Cagey about water: NMR in a fullerene

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  • Published: Jul 1, 2014
  • Author: David Bradley
  • Channels: NMR Knowledge Base
thumbnail image: Cagey about water: NMR in a fullerene

Water cage

The all-carbon, soccerball-shaped fullerene, C60, molecule provides the most compact of cryoscopic NMR tubes for studying the spin behaviour of water, according to researchers at the Universities of Nottingham and Southampton, in UK and Columbia University in New York, USA.

The all-carbon, soccerball-shaped fullerene, C60, molecule provides the most compact of cryoscopic NMR tubes for studying the spin behaviour of water, according to researchers at the Universities of Nottingham and Southampton, in UK and Columbia University in New York, USA.

The discovery of [60]fullerene, buckminsterfullerene, and the fullerenes in general in the mid-1980s earned Harry Kroto, Robert Curl and the late Richard Smalley the Nobel Prize in Chemistry in 1996. Since the fullerenes were first posited, chemists have wondered about what might occur if smaller molecules were trapped inside. Now, the UK-US researchers are continuing their pioneering work on "caging" water molecules and cooling them, work on which SpectroscopyNOW reported previously. The hope now is to study the change in orientation of the magnetic nuclei at the centre of each hydrogen atom that gives rise to molecular spin isomers. Water molecules can exist as one of two isomers, depending on how the spins of their two hydrogen atoms are orientated: ortho, where the nuclear spins are parallel to one another, and para, where the spins are essentially in the opposite direction, antiparallel. It is thought that any given molecule can transform from ortho- into para- spin states and vice versa, a process known as nuclear spin conversion.

Chilled, but not frozen

"Currently, mechanisms for this conversion are not completely understood, nor how long it takes the molecules to transform from one spin isomer to the other," explains Southampton physicist Salvatore Mamone. "To study this, we had to figure out how to reduce the strong intermolecular interactions that are responsible for grouping of molecules and lowering the rotational mobility of the water molecules." The answer was to isolate a single water molecule from the external environment or any interference from other molecules by caging it within the interior of [60]fullerene.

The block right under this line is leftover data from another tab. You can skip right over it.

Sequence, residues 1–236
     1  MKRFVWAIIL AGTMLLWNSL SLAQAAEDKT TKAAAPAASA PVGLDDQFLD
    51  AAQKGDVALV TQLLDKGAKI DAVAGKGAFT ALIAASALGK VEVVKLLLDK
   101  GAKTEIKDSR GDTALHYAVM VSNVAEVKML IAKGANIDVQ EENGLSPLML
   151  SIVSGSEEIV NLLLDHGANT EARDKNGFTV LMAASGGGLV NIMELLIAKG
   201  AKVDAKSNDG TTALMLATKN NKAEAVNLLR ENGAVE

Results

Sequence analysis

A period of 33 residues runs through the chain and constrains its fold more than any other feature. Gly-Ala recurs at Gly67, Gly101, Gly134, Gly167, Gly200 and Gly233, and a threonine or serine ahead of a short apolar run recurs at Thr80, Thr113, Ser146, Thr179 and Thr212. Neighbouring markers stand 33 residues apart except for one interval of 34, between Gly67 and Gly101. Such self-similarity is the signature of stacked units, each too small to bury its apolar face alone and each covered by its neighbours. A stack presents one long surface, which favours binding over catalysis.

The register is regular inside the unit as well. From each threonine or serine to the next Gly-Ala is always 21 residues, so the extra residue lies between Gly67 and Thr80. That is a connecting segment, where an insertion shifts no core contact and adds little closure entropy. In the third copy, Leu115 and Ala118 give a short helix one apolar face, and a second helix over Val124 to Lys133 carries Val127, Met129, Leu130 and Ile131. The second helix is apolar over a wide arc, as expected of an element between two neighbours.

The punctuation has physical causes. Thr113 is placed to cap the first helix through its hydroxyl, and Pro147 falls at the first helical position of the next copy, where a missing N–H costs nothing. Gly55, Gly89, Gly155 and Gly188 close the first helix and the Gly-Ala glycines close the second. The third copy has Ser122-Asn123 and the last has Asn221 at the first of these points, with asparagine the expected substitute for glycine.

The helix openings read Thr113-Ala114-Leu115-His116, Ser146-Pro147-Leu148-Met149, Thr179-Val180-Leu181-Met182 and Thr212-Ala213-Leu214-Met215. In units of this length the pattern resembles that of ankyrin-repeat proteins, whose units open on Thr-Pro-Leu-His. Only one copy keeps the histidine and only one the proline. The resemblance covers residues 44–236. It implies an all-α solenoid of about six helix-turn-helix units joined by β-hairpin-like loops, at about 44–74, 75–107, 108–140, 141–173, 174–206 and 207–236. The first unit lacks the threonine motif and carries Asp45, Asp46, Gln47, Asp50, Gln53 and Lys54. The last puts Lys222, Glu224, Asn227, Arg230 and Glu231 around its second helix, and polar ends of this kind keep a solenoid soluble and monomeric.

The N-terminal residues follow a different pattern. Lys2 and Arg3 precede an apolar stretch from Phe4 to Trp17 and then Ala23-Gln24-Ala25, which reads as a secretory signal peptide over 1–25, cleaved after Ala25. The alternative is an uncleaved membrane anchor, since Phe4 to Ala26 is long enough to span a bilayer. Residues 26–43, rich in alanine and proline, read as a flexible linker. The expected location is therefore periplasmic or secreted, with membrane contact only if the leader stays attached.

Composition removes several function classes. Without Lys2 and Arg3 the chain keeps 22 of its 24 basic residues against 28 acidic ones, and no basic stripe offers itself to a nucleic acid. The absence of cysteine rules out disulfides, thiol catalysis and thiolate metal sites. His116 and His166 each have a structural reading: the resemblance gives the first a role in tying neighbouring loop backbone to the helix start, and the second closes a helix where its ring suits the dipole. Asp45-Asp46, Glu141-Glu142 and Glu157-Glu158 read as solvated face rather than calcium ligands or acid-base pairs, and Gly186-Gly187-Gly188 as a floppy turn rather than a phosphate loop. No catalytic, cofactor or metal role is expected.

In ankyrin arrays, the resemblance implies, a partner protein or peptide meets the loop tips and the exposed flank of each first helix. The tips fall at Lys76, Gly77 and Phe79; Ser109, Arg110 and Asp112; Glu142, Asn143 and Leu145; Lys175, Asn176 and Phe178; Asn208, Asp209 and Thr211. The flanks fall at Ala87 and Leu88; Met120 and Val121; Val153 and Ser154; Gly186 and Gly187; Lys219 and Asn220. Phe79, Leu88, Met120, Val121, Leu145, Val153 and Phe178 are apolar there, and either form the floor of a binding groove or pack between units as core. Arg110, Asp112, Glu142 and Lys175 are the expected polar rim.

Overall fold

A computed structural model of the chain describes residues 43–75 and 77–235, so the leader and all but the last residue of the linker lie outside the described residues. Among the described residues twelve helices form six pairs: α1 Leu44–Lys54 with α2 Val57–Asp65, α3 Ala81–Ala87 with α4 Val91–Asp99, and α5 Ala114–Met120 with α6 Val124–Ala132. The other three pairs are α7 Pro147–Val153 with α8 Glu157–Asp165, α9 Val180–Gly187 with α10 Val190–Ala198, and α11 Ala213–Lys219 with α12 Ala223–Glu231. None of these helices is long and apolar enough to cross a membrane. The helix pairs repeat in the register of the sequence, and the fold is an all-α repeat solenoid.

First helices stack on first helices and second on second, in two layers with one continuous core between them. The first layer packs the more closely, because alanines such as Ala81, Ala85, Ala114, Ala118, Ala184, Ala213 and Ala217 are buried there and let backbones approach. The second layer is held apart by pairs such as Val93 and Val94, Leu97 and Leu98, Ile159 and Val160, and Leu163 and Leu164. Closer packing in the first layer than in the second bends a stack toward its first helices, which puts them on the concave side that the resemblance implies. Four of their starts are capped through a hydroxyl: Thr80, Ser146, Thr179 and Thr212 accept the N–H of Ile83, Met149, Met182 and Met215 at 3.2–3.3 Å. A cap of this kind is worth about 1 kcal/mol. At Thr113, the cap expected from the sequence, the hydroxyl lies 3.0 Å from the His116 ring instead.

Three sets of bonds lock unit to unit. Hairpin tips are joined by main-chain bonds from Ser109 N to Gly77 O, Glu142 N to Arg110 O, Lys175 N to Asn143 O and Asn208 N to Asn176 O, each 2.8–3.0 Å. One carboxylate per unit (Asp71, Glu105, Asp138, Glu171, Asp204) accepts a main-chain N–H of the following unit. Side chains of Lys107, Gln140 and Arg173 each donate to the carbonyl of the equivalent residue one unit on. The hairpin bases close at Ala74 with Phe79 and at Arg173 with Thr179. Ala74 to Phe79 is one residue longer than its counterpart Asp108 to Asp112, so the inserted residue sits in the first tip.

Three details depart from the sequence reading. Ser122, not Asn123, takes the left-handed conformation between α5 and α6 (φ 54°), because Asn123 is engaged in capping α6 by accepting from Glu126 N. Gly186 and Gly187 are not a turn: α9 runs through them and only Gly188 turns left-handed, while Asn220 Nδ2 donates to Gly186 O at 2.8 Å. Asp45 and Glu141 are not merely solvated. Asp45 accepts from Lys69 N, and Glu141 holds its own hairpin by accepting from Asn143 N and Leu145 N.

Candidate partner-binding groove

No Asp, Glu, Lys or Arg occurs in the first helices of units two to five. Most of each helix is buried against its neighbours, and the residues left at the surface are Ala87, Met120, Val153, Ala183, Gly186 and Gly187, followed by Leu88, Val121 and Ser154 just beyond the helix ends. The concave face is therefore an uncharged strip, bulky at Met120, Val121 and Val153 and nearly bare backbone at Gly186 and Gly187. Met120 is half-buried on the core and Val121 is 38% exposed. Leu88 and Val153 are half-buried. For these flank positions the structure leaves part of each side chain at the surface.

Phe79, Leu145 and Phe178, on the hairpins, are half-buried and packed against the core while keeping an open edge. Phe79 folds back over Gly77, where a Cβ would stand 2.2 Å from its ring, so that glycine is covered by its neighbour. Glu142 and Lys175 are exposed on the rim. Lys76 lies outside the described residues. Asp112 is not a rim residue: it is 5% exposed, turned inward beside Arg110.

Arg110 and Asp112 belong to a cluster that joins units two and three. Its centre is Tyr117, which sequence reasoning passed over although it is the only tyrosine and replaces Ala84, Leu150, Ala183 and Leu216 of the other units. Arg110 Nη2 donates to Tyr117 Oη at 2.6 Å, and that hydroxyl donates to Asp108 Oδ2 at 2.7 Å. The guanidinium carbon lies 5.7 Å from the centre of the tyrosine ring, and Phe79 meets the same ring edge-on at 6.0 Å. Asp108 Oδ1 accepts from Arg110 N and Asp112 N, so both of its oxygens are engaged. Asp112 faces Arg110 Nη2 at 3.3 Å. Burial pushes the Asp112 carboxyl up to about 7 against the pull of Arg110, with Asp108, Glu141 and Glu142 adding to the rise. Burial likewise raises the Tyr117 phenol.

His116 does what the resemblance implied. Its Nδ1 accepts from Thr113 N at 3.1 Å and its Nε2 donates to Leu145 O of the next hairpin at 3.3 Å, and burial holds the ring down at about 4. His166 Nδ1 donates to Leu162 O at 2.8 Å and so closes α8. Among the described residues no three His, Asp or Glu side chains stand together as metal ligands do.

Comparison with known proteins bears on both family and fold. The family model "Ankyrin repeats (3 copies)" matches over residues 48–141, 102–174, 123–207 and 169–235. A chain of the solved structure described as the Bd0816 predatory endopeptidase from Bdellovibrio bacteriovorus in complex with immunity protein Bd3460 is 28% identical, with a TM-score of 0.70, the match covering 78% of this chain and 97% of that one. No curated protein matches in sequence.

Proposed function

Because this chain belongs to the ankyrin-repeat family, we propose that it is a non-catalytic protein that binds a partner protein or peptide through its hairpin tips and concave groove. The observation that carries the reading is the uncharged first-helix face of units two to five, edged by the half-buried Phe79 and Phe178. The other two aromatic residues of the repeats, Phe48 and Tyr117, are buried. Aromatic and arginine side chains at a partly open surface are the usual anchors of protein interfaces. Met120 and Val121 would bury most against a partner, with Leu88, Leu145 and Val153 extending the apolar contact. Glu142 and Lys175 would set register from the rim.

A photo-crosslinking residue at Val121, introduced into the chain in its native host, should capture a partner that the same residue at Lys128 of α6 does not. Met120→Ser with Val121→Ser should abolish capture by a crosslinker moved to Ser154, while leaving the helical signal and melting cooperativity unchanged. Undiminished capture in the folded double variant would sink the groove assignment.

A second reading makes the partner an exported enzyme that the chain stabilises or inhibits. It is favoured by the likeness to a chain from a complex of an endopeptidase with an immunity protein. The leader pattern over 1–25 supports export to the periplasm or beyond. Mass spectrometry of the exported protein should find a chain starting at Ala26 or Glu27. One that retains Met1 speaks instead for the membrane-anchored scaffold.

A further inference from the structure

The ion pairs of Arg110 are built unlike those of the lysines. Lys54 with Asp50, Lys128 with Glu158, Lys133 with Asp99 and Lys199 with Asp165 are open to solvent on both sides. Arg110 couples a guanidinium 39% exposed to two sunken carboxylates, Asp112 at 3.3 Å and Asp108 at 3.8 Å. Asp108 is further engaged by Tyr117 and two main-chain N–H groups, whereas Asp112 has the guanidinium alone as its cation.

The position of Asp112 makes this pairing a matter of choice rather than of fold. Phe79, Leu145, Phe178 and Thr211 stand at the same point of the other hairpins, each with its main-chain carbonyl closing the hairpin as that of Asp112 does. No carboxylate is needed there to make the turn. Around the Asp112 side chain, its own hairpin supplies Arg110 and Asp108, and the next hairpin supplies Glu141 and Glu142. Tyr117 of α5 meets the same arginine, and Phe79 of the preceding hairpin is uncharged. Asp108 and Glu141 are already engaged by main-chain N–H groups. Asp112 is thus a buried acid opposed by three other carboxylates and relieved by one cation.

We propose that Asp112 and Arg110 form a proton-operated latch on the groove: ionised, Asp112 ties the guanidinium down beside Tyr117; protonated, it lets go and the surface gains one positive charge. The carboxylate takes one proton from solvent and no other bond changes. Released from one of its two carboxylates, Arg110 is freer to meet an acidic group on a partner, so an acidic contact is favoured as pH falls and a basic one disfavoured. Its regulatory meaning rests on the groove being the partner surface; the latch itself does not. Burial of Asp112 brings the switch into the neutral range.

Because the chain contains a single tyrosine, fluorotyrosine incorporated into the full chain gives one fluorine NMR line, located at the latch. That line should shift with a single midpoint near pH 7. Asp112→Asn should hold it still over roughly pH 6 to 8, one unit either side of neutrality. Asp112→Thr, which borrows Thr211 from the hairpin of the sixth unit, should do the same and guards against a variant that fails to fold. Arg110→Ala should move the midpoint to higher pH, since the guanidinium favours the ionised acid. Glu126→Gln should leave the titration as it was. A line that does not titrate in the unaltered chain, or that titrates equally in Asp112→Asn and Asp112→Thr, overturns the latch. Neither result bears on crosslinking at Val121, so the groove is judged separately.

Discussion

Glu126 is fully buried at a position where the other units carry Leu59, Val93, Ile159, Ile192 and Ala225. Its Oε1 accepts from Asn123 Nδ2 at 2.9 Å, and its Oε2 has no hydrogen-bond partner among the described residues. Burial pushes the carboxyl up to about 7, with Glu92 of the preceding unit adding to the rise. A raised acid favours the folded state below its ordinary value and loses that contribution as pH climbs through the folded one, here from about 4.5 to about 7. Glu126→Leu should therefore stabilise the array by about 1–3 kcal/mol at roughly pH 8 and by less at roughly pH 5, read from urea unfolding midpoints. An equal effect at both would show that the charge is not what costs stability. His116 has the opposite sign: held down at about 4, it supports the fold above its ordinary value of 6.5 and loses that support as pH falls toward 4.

The team used an ingenious chemical reaction to cut an opening in the fullerene, implant a water molecule and then stitch the fullerene closed to form H2O@C60. "The reaction has several steps and requires excellent synthetic skills to be completed successfully," Mamone told SpectroscopyNOW. "The chemists, Komatsu and Murata and the late Nick Turro and recently Whitby and Krachmalnicoff, deserve high praise for inventing and improving the molecular surgery procedure." At the end of the process which involves a multitude of fullerenes rather than single molecules they find that between 70 and 90 percent of the cages contain water, which gives them sufficient numbers to study. Because the water molecules are so well isolated in each cage, there is a large rotational freedom that makes observation of the ortho and para isomers possible.

Crucially, because the water molecules are separated in this way, they cannot freeze and so experiments at 50 Kelvin and down to 5 K are possible with effectively freely moving water molecules. During the cooling process, the team monitored the NMR spectra every few minutes over the course of several days.

Days of NMR

"As the observed NMR signal is proportional to the amount of ortho-water in the sample (para-water is "NMR silent"), we can track the percentages of ortho and para isomers at any time and any temperature," Mamone explains. "At 50 K, we find that 75 percent of the water molecules are ortho, while at 5 K, they become almost 100 percent para. Therefore, we know that after the quick temperature jump, equilibrium is restored by conversion from ortho to para; we see that conversion in real time." The team adds that their cross-polarization experiments did not reveal any evidence that it was simply the presence of carbon-13 nuclei in the fullerene cages that was catalysing the spin conversion of the endohedral water molecules.

The next step is to study what role, if any, isomer concentration and temperature have on the back conversion process of para-water to ortho-water. They will also investigate whether it is possible to detect single ortho- and para-water molecules on surfaces and to observe spin isomers of other small molecules implanted into fullerenes.

"The next step consists of studying the low concentration (water filled C60/C60) limit and pinpointing the physical mechanism behind the spin conversion in water," Mamone told SpectroscopyNOW.

Related Links

J Chem Phys, 2014, 140, 194306: "Nuclear spin conversion of water inside fullerene cages detected by low-temperature nuclear magnetic resonance"

Article by David Bradley

The views represented in this article are solely those of the author and do not necessarily represent those of John Wiley and Sons, Ltd.

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